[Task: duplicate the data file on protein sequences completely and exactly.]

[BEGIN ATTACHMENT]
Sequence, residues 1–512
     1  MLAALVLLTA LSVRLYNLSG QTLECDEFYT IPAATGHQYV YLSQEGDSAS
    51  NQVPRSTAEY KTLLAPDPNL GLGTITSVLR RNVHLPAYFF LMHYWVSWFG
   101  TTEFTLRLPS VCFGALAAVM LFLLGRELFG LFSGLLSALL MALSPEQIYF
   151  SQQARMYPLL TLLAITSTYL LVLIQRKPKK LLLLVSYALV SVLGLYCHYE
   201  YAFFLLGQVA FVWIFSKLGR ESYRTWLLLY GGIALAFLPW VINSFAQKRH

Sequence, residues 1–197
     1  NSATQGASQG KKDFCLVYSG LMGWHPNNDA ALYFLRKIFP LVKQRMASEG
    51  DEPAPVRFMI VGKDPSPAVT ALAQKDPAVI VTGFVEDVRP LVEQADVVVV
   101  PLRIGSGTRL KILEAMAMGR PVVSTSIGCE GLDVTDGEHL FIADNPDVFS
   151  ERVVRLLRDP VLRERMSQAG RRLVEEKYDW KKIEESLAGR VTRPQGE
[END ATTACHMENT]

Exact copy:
Sequence, residues 1–512
     1  MLAALVLLTA LSVRLYNLSG QTLECDEFYT IPAATGHQYV YLSQEGDSAS
    51  NQVPRSTAEY KTLLAPDPNL GLGTITSVLR RNVHLPAYFF LMHYWVSWFG
   101  TTEFTLRLPS VCFGALAAVM LFLLGRELFG LFSGLLSALL MALSPEQIYF
   151  SQQARMYPLL TLLAITSTYL LVLIQRKPKK LLLLVSYALV SVLGLYCHYE
   201  YAFFLLGQVA FVWIFSKLGR ESYRTWLLLY GGIALAFLPW VINSFAQKRH

Sequence, residues 1–197
     1  NSATQGASQG KKDFCLVYSG LMGWHPNNDA ALYFLRKIFP LVKQRMASEG
    51  DEPAPVRFMI VGKDPSPAVT ALAQKDPAVI VTGFVEDVRP LVEQADVVVV
   101  PLRIGSGTRL KILEAMAMGR PVVSTSIGCE GLDVTDGEHL FIADNPDVFS
   151  ERVVRLLRDP VLRERMSQAG RRLVEEKYDW KKIEESLAGR VTRPQGE